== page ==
He’s sitting on a stack of sweet, sweet IPv4 addresses … and needs some advice

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Credit: flickr/James Cridland

“ISP wants a /24 back, what’s it worth?” The question comes from a user of the Reddit section devoted to networking … and I’m afraid the answer eventually boils down to “it depends.”

First of all, a /24 refers to a block of 256 contiguous IPv4 addresses, which as everyone knows have become a scarce commodity. The Reddit user explains:

"I work for a school district that is also involved with community Internet service. Because of this, we have had 3 separate public /24 IPv4 address blocks since about 1995.

"Every time we contact our ISP for something, they ask for a /24 back. We could probably do this if we took some time to restructure everything and moved all our services to the other two /24s. I know we should be good "internet citizens" and just give the address space back … but if we give these addresses up our chances of ever getting another contiguous block on our budget is 0. They want the space back because the addresses are now valuable.

"So, if we do decide to gives the ISP one /24 block back, are they worth anything? Should we ask for something in return from our ISP?"

A spirited discussion ensues offering decidedly different points of view, ranging from contentions that such a request from an ISP is “super unprofessional” to actual dollar amounts -- $10 per address was the consensus -- and other forms of compensation that the fellow’s organization could reasonably expect in return for forking over one /24. Meanwhile, there were other voices expressing skepticism as to whether the addresses actually belong to the organization at all, at least in the legal sense that a web server or laptop would belong to it.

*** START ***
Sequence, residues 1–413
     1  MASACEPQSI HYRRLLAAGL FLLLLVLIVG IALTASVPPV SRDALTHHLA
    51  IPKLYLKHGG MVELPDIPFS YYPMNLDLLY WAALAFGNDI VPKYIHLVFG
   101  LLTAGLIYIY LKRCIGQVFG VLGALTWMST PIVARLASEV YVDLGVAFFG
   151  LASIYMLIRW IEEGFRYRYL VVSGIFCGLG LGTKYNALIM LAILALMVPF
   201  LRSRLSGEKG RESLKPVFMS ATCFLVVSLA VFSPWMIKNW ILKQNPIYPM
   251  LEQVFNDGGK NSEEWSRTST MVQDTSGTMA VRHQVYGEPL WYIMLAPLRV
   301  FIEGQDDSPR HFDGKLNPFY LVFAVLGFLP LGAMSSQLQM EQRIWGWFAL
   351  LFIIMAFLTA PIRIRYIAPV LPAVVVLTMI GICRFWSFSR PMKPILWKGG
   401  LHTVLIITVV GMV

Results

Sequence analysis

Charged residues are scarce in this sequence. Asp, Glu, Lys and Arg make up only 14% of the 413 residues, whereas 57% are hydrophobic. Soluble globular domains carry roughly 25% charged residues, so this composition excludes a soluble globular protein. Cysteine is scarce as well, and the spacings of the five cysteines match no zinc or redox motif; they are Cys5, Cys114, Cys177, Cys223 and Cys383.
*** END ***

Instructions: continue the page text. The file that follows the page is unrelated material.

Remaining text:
After reading the string this morning, and deciding that an official response might help clarify matters, I sent a few questions to a public relations representative for the American Registry for Internet Numbers (ARIN). A few hours later I received the following statement from John Curran, president and CEO of ARIN, who by then had also addressed similar remarks to the Redditor who started the discussion:

“The IPv4 addresses may have been assigned to you via your ISP, in which case your rights to them are rather limited. If this is the case, you should be prepared to eventually operate with fewer public IPv4 addresses, as your ISP can reclaim all or some of them and use elsewhere and you have no ability to prevent that. Note that changing ISPs is likely to have the same outcome, as your new ISP is likely to provide for your use a much smaller IPv4 assignment and note that it is specifically for the duration of your service contract.”

On the other hand …

“The IPv4 addresses may have been assigned to you by one of the registries in the Internet Number Registry System - this includes the IANA and the Regional Internet Registries - ARIN, RIPE NCC, APNIC, LACNIC, and AFRINIC at present, and their predecessors (such as the InterNIC, SRI-NIC, etc.) If this is the case, you have rights to the address block, and only your organization can update the entry in the Internet numbers registry system.

“If you are in doubt, you can reach out to the RIR which administers the IP address block entry, and ask about who it is assigned to and whether it’s under your control or the ISP's.”

While the latter seems more likely, it wasn’t clear from the discussion that anyone was sure.

In other words, it depends.

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